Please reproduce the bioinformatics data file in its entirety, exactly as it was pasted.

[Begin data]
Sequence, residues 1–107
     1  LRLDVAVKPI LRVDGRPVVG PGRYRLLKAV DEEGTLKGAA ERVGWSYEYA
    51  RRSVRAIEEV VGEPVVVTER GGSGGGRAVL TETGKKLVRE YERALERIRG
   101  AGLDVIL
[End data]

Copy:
Sequence, residues 1–107
     1  LRLDVAVKPI LRVDGRPVVG PGRYRLLKAV DEEGTLKGAA ERVGWSYEYA
    51  RRSVRAIEEV VGEPVVVTER GGSGGGRAVL TETGKKLVRE YERALERIRG
   101  AGLDVIL